When they were given the unnecessary information that the difference wasn’t statistically significant, these highly educated people failed this simple question that most elementary school students would ace. Somehow in their brains the fact that the difference wasn’t statistically significant seemed to mean that, yes, the numbers 3 and 4 for are different on the surface level, but the significance test has reveled a much deeper level of the universe to us, a level, in which these numbers are actually NOT different at all! Oh those uneducated plebeians who in their foolish minds think that 3 and 4 are different numbers… HAH HAH HAH (slowed down laugh of a ghost in a cheesy film)

    • Ben Prytherch says:

      I completely agree regarding the often counter-productive use of statistical significance. Ioannidis and many others see significance as this kind of protection against being fooled by randomness, and they worry that if we get rid of that protection then all observed patterns, even those highly probable under the null of “no effect”, will be treated us evidence for some claim.

      I don’t buy this, for the reason you give: we have too many examples of sketchy results that on their face look like noise, but get that “p < 0.05" seal of approval and thus become publishable. In this sense, "statistical significance" may be achieving the exact opposite of what it is intended to do. It's supposed to make patterns in noise less likely to be taken serious; it very well may be making them more likely to be taken seriously.

      Correlation statistics are a great example. You don't need that large of a sample size for a small correlation to be significant. And so we see so many studies highlighting "statistically significant" correlations that are so small they can't be detected by the naked eye – in the rare instances that plots are published. I have a hard time believing that a correlation which, when plotted, looks like noise, would get highlighted as good evidence for a theory if it weren't for a "p < 0.05" seal of approval.

      • In all fairness, we tend to overgeneralize and misrepresent what some experts recommend. This is a key problem with many critiques and commentaries. Then I find myself having to intervene to correct both. I do this for individuals with whom I disagree as well. I welcome reciprocal criticisms.

        If you follow John Ioannidis’ comments, John offers a wider range of cautions on practices than on simply ‘statistical significance’. John Ioannidis has consistently suggested that stat sig and p-values should not constitute the default practice. Their utility is relevant in a minority of queries.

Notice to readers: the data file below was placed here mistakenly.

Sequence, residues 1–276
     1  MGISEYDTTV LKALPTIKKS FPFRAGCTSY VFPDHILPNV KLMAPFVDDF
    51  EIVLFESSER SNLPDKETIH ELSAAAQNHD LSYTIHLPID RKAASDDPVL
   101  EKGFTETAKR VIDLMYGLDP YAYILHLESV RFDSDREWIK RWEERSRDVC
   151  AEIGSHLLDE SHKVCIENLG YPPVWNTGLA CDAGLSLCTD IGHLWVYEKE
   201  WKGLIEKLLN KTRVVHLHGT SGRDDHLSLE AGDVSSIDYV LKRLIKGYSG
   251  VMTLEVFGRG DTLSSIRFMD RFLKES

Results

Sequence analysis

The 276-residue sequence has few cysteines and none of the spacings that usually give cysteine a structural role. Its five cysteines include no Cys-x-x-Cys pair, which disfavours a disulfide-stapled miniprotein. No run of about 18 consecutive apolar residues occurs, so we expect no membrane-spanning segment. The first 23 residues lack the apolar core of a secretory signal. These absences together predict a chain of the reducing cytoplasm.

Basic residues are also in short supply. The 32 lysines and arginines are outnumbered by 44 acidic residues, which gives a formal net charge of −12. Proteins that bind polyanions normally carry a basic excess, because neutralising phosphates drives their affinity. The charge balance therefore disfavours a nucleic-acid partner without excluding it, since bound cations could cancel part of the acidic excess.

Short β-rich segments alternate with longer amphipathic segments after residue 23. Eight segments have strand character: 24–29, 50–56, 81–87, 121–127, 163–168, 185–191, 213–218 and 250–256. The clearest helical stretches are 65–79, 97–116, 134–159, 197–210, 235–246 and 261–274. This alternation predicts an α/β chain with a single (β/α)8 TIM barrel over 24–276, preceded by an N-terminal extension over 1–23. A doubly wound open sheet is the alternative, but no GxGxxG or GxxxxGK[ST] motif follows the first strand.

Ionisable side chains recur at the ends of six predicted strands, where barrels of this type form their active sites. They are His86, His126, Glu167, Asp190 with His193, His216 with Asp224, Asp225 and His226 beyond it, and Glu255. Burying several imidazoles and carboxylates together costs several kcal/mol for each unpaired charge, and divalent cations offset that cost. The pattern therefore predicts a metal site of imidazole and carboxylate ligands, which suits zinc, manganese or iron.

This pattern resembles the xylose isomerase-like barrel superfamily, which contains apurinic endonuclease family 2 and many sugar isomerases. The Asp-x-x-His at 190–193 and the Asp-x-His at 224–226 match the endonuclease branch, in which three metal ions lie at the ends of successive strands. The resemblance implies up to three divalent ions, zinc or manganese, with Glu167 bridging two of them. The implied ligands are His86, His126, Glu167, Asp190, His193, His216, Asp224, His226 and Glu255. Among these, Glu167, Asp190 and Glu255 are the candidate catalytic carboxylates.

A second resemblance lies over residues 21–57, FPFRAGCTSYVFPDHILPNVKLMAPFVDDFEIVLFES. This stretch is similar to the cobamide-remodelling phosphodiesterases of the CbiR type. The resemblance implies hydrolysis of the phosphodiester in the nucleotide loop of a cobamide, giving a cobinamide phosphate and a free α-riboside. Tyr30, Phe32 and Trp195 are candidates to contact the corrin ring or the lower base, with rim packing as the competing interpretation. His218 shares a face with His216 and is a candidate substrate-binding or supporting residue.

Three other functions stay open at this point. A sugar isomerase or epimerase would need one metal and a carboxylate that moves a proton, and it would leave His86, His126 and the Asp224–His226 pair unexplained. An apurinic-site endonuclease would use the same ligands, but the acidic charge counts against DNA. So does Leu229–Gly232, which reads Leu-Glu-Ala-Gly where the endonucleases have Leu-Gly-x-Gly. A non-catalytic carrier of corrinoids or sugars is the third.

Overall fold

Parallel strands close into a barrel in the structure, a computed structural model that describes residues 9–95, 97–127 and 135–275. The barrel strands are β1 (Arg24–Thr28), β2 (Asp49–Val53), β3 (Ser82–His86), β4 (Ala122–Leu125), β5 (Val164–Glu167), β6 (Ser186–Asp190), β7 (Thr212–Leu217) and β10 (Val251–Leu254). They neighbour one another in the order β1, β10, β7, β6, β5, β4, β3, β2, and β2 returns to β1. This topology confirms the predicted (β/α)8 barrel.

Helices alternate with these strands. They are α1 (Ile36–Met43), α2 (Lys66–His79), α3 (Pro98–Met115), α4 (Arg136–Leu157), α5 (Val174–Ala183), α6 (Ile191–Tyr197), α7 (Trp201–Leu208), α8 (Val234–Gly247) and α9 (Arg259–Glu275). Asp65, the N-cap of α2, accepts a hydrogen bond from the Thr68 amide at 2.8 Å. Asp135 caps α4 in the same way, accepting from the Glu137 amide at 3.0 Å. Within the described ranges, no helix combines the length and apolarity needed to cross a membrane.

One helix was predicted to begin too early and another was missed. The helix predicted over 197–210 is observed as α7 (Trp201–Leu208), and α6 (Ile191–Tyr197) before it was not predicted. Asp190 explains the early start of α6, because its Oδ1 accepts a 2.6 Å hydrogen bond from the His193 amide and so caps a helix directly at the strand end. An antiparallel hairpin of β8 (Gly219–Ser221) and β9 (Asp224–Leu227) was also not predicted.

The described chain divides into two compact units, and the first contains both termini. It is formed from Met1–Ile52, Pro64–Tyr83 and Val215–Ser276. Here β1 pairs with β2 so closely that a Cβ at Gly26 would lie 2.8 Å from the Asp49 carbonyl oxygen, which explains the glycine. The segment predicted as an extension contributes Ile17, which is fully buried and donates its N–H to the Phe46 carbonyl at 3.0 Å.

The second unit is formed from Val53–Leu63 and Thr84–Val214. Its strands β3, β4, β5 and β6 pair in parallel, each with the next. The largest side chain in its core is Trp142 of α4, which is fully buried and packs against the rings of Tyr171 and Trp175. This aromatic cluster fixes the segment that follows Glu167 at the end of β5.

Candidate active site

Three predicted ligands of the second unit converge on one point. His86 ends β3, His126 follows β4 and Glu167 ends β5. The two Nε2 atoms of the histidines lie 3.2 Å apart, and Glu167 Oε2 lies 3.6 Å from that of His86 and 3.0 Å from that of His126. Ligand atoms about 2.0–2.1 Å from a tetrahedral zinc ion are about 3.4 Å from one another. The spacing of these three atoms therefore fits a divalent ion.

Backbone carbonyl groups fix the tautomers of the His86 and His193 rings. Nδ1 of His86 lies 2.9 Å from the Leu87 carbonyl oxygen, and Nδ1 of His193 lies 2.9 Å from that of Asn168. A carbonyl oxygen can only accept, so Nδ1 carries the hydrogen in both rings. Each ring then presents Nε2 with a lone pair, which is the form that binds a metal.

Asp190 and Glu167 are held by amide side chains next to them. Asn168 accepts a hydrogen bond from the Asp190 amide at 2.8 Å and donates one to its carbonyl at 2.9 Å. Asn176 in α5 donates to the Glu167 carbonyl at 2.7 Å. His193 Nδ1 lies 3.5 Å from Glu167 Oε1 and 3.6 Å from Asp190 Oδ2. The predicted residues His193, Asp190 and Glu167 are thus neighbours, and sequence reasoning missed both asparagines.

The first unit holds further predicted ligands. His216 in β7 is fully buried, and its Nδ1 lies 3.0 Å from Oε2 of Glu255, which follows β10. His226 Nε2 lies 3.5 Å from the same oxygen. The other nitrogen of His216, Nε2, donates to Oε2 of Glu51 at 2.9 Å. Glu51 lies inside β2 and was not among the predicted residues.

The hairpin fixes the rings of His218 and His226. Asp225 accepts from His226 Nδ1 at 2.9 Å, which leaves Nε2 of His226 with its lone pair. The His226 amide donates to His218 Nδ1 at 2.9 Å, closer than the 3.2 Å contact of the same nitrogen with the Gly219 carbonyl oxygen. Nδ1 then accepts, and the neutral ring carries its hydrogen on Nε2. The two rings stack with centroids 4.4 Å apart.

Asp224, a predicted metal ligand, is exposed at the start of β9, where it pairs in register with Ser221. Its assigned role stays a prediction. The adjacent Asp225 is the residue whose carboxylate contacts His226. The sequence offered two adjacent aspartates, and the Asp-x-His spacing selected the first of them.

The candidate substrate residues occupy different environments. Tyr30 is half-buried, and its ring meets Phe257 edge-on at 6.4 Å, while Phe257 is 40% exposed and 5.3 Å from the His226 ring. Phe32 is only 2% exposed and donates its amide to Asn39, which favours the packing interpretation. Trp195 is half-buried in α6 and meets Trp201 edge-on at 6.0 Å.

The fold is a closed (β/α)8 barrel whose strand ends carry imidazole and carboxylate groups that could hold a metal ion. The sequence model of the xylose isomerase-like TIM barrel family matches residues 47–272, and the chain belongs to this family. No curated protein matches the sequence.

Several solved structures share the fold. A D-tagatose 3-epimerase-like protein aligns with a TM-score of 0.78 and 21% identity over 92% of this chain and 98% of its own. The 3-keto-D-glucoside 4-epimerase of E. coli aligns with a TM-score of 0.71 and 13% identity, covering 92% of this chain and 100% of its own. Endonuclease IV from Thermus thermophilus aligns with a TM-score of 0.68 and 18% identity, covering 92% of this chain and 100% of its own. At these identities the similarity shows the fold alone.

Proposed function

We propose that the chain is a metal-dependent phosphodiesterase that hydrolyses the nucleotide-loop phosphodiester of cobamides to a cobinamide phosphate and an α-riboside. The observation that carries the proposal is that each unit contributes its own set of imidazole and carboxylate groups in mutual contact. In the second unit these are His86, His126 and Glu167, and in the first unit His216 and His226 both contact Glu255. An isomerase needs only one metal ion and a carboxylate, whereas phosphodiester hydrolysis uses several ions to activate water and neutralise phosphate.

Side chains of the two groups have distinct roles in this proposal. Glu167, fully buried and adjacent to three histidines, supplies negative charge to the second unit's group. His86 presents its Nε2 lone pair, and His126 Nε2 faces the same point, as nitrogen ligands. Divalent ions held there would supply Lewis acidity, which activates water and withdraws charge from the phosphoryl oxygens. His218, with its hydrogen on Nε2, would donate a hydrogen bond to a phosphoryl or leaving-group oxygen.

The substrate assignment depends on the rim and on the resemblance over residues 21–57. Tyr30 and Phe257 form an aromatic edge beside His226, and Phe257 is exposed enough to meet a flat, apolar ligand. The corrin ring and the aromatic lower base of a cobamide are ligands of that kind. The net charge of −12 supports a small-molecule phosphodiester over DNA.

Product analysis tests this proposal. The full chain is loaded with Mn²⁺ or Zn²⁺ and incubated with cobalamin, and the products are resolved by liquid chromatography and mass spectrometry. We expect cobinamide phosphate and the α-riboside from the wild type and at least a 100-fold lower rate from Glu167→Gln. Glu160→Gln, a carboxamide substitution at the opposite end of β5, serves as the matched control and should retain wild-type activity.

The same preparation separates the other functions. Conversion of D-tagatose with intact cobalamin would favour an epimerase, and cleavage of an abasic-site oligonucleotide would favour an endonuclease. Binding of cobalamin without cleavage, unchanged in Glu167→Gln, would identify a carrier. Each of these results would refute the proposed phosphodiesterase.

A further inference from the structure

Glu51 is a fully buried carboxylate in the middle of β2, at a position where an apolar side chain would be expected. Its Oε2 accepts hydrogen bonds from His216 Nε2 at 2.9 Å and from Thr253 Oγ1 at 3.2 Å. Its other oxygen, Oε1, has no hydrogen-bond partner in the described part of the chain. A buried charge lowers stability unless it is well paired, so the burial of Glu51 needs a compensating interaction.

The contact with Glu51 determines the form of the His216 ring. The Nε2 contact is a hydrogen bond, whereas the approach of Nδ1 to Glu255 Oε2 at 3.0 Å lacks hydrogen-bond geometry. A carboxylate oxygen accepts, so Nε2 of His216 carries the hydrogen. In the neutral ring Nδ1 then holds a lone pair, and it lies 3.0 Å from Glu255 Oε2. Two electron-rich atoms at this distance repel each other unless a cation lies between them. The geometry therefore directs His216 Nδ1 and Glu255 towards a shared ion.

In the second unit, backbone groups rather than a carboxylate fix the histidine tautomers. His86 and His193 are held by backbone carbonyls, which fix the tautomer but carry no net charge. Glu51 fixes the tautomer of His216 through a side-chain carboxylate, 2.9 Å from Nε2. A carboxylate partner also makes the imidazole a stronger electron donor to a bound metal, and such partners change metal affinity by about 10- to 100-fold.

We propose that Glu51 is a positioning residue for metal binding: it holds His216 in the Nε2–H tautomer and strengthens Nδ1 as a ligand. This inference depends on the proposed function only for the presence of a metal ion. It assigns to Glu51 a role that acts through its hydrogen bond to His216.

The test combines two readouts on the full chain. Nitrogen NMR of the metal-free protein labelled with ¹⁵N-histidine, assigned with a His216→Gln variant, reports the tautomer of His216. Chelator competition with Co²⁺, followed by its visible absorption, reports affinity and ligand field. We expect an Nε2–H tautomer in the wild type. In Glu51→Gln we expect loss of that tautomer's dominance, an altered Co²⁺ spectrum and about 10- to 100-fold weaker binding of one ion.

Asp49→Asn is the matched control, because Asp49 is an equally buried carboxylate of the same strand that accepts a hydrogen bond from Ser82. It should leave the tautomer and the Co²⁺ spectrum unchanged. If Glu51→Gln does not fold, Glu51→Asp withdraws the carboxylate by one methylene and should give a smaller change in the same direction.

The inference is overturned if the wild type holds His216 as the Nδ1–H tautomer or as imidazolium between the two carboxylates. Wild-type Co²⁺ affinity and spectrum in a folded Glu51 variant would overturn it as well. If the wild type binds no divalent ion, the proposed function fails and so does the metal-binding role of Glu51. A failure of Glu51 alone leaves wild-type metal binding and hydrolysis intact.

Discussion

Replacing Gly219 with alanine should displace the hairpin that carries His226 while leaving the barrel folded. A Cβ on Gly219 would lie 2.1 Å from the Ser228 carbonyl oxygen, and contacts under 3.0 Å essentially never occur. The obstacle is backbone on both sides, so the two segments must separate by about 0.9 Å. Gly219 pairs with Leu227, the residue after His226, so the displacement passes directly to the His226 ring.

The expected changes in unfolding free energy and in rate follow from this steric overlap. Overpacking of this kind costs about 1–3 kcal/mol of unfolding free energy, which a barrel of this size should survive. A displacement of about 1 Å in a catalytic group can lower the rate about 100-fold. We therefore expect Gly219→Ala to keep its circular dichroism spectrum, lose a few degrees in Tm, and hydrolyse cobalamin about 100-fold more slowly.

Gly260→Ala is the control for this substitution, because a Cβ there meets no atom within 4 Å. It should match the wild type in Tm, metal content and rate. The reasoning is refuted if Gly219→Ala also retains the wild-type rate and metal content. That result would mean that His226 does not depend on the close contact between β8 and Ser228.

John’s objection to the ‘retire significance’ comment/article was perhaps a bit too narrowly focused. In previous articles & talks, John Ioannidis has emphasized the differentiated conceptual & methodologic needs of different fields. and subfields It is in that frame, John has expressed his views of the utility of stat sig and p values. In particular, he seems to have focused on ‘discoveries’. I believe that even the Benjamin et al article left open the question of practices in non-discovery related studies. I’m being a bit lazy probably by not furnishing the exact quote from the Benjamin article.

      • Martha (Smith) says:

        Ben said,
        “I don’t buy this, for the reason you give: we have too many examples of sketchy results that on their face look like noise, but get that “p < 0.05" seal of approval and thus become publishable. In this sense, "statistical significance" may be achieving the exact opposite of what it is intended to do. It's supposed to make patterns in noise less likely to be taken serious; it very well may be making them more likely to be taken seriously."

        Also worth mentioning: Making decisions based on statistical significance leads to "The Winner's Curse", since the "false positive" are likely to have inflated estimates (Type M Error).

  10. There has been an abiding trust in allopathic medicine that more recently has translated into mistrust. Ironically some within the medical establishment has written about the latter. Of course, Richard Harris’ Rigor Mortis ranks as one the best narratives of the current malaise being visited in medicine and statistics.

    I’m not sure why some question or not question, among the highly educated. As I have speculated now and then, some people are natural diagnosticians, regardless of their educational background.